A compositional design that combines nordic examples with new artistic languages, over the centuries

Roger II of hauteville: a sovereign protected by God

A polysemy of high-level artistic forms and content

The Chapel of St. Mary Magdalene

The beginning of the construction site

The mosaics of the apses

The Kings’ Cathedrals

The paradisiacal “Conca d’oro” that embraces Palermo: a name with countless faces through time

The chystro: a place between earth and sky

From the Mosque to the Cathedral

The side aisles

Survey of the royal tombs

A tree full of life

Roger II’s strategic design

Palermo: the happiest city

Worship services

The senses tell Context 1

Artistic elements in Peter’s ship

The stone bible

The chorus: beating heart of the cathedral

The construction of Monreale Cathedral: between myth and history

Thirteenth-century iconography decorates the nave’s wooden ceiling, designed with new solutions

The Cefalù cathedral: a construction yard undergoing a change between a surge of faith and control over the territory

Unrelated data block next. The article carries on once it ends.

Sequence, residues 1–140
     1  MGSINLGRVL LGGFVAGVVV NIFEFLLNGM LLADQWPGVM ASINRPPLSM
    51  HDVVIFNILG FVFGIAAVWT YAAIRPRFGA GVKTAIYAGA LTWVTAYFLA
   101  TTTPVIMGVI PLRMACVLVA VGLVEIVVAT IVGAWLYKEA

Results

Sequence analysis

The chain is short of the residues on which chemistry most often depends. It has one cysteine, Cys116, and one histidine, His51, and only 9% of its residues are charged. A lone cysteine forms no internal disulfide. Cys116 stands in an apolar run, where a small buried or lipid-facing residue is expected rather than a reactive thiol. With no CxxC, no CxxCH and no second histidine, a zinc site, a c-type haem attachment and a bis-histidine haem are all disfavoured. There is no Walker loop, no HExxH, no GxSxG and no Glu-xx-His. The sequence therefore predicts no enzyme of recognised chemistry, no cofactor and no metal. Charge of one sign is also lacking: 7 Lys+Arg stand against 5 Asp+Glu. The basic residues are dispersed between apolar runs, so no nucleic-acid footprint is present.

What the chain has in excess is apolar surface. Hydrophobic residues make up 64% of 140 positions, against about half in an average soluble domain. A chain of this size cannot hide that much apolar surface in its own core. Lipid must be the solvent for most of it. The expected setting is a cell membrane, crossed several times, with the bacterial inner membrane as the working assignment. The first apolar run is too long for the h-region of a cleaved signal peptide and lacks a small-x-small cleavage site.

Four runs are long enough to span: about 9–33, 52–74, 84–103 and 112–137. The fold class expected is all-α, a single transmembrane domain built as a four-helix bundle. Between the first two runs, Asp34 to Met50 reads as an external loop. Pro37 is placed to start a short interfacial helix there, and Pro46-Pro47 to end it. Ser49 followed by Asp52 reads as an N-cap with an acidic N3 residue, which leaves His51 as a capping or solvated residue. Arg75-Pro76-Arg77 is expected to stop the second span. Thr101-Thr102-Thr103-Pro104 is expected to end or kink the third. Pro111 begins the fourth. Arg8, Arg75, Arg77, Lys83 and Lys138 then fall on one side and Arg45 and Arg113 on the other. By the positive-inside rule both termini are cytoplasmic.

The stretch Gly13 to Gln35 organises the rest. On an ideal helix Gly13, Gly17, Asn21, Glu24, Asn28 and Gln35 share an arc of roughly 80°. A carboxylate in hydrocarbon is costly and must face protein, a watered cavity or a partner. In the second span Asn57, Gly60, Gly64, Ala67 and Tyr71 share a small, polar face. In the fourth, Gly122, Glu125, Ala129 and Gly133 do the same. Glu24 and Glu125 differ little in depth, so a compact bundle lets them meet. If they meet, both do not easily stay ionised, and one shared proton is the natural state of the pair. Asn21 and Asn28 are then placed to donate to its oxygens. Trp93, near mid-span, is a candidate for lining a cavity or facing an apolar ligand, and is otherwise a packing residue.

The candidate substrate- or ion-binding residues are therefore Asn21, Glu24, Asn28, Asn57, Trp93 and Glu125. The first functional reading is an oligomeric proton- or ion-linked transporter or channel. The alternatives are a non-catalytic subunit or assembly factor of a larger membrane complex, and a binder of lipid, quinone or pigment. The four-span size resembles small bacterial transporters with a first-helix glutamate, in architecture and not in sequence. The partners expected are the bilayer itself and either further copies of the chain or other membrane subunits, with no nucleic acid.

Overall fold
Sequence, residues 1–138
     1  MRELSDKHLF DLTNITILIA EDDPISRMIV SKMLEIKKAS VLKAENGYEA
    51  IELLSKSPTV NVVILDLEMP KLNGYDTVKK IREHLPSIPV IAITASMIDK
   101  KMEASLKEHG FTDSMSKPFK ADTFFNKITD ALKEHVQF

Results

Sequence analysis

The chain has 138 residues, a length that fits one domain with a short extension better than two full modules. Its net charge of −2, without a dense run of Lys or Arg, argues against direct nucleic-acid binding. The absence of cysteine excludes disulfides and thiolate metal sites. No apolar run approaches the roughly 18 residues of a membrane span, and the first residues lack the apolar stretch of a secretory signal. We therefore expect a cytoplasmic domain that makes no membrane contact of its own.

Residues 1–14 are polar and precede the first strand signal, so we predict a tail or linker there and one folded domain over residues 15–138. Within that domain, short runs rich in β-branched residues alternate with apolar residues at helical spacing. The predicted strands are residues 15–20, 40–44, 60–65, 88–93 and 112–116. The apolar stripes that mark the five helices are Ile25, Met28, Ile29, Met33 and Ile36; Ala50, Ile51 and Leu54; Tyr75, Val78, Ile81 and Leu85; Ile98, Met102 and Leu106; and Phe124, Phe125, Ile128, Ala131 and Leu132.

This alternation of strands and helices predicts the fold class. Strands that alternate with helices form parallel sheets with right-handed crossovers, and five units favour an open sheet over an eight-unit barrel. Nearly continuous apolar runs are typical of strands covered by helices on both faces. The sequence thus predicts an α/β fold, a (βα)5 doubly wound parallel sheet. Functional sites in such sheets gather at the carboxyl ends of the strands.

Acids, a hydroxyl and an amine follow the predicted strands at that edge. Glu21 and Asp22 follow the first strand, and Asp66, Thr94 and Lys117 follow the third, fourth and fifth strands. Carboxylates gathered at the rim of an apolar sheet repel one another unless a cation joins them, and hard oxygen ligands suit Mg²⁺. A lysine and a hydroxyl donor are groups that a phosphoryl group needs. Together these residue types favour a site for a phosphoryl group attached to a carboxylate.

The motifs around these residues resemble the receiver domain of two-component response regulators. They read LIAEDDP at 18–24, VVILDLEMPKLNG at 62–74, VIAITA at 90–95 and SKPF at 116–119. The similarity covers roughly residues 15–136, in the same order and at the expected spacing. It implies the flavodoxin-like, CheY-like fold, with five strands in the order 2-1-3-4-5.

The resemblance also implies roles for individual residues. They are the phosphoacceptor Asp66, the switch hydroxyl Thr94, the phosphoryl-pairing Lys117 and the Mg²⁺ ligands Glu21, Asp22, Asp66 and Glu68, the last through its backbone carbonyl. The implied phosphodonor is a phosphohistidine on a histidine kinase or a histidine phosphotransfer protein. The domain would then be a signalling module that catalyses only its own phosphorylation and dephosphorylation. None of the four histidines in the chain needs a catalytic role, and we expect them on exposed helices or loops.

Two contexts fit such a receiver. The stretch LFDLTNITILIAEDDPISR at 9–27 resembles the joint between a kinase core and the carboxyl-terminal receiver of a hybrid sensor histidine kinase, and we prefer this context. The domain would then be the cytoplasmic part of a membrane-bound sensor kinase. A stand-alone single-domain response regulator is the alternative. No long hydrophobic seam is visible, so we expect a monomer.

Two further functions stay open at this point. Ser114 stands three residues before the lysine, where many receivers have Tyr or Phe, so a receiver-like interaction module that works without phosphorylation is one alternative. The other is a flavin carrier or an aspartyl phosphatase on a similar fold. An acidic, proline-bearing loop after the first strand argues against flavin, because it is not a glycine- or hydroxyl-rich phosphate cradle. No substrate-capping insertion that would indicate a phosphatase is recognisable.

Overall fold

The Gualtiero Cathedral

The longest aisle

Beyond the harmony of proportions

A palimpsest of history

The side Portico: a combination of elegance and lightness of form

The marble portal: an intimate dialogue between complex ornamental aspects and formal structure

The Virgin Hodegetria

The transformations of the hall through the centuries

A new Cathedral

The cultural substrate through time

The medieval city amidst monasticism and feudal aristocracy

Tempus fugit: a strategic project implemented in a short period of time

A cloister of accentuated stylistic variety

The chapel of the crucifix: an artistic casket based on a previous model

Squaring the circle

The decorated facade

Gardens and architecture as a backdrop to the city of Palermo

Ecclesia munita

The king’s mark

The cemetery of kings

The lost chapel

The dialogue between the architectures of the monumental complex

The mosaics of the presbytery

The balance between architecture and light

A space between the visible and the invisible

The rediscovered chapel

The original design

The towers and the western facade

Interior decorations

Cefalù: settlement evidence through time

A chapel by an unknown designer based on repeated symmetries

The columns of the nave: the meticulous study of the overall order

Norman religious architecture with islamic influences in Sicily

Mosaic decoration

The Chapel of the Kings

Two initially similar towers, varied over time